Types of GPFS

Entities that have public accountability must prepare Tier 1 GPFS, while those without public accountability can elect to prepare, as a minimum, Tier 2 GPFS using AASB 1060 Simplified Disclosure Standard (SDS).

An entity has public accountability if:

  1. its debt or equity instruments are traded in a public market or it is in the process of issuing such instruments for trading in a public market (a domestic or foreign stock exchange or an over-the-counter market, including local and regional markets); or
  2. it holds assets in a fiduciary capacity for a broad group of outsiders as one of its primary businesses.

Impact on for-profit entities previously preparing SPFS

Large proprietary companies and unlisted public companies 

Large proprietary companies and unlisted public companies are required to prepare financial statements in accordance with accounting standards by Chapter 2M.3 of the Corporations Act. This means, for accounting periods ending 30 June 2022 and beyond, these entities must lodge, as a minimum, Tier 2 GPFS.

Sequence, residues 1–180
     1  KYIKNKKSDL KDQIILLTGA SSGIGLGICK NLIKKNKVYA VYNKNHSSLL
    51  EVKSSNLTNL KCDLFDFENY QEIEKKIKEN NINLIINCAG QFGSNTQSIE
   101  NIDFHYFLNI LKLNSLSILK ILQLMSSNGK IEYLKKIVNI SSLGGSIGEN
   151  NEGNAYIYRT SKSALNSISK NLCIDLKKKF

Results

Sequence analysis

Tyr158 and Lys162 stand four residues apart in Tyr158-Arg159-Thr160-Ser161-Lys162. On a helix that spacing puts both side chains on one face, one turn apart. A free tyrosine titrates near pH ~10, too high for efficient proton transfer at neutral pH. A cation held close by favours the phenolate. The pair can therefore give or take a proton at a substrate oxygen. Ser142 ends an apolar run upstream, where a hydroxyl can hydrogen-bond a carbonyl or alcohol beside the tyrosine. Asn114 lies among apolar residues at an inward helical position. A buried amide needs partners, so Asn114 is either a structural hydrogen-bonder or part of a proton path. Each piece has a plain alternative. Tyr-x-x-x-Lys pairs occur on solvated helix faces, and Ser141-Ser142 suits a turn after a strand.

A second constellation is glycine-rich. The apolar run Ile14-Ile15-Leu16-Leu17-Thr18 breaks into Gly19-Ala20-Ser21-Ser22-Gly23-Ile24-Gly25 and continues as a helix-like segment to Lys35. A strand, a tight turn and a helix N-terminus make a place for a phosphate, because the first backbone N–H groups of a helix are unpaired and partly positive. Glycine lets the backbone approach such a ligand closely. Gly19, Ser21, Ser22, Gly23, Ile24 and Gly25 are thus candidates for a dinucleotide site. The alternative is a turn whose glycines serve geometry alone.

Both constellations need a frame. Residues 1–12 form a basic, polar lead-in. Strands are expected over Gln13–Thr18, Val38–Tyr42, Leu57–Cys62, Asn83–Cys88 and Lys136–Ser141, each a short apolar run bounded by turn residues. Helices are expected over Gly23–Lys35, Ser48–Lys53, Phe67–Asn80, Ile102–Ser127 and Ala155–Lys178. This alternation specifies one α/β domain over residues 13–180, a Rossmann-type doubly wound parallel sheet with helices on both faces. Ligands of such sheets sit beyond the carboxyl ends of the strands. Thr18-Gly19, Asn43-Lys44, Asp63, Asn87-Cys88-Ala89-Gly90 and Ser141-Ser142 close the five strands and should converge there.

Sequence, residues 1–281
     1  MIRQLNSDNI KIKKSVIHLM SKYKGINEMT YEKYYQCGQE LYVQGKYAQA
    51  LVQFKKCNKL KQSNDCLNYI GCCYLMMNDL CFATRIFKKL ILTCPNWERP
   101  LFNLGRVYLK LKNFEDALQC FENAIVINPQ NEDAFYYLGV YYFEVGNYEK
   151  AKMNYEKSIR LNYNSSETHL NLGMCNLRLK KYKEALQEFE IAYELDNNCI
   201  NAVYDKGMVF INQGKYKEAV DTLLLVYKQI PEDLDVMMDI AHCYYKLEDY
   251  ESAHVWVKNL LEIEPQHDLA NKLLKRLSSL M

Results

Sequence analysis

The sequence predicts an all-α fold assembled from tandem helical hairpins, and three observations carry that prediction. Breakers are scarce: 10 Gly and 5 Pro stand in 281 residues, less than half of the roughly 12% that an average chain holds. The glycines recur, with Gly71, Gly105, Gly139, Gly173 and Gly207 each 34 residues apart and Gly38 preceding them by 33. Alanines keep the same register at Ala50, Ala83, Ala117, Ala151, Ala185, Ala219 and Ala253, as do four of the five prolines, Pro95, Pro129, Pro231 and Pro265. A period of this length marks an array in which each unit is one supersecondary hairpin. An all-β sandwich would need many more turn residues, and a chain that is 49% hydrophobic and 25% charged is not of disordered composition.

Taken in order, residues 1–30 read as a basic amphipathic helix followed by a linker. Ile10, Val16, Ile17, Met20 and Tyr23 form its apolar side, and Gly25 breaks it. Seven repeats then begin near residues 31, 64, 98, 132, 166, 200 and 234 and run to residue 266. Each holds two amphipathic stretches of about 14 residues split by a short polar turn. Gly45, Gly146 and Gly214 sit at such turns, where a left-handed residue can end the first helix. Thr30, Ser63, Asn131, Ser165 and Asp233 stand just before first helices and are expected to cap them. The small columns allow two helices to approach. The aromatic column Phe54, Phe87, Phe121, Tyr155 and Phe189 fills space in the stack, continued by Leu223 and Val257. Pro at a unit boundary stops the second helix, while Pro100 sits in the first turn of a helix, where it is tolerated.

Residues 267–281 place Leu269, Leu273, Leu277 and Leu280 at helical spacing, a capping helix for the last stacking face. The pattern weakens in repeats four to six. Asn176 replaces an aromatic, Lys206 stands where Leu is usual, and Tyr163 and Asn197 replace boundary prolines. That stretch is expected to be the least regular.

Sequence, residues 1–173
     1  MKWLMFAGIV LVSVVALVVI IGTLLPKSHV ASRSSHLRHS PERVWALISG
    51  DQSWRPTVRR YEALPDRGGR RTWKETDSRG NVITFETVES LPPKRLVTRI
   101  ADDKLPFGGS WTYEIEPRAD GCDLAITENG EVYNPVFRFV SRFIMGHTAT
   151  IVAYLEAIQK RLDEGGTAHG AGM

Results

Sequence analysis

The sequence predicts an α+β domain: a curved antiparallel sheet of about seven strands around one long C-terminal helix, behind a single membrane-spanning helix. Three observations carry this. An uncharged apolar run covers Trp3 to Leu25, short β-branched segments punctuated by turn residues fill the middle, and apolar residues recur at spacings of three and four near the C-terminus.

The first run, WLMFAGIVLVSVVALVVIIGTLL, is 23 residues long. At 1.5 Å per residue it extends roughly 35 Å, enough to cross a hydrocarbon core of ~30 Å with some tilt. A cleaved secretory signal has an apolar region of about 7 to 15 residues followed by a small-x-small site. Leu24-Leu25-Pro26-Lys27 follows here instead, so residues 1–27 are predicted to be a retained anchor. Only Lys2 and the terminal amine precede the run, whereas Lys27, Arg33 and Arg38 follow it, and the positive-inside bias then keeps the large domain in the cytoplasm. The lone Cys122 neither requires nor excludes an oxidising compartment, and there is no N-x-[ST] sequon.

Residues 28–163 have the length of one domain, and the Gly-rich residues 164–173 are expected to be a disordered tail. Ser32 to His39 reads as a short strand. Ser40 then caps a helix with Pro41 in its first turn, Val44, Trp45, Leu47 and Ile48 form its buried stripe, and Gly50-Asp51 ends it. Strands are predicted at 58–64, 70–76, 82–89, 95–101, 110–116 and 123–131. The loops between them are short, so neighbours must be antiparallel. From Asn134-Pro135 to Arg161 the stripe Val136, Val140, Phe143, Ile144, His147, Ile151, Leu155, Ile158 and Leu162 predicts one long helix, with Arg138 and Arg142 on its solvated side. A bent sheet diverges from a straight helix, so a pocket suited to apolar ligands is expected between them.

Grandfathered proprietary companies

Grandfathered proprietary companies with balance dates ending before 10 August 2022 were exempted from lodging financial statements with ASIC. But these companies still have to prepare financial statements in accordance with accounting standards.  Consequently, these entities must now prepare, as a minimum, Tier 2 GPFS.

Small foreign-controlled companies

Small foreign-controlled companies are required to prepare financial statements in accordance with accounting standards by Chapter 2M.3 meaning that such companies are now required to prepare GPFS.

However, small foreign controlled companies that are not part of a large group that rely on the relief from preparing and lodging a financial report under ASIC Corporations (Foreign-Controlled Company Reports) Instrument 2017/204 are exempt from the requirement to prepare financial statements and could choose to prepare SPFS.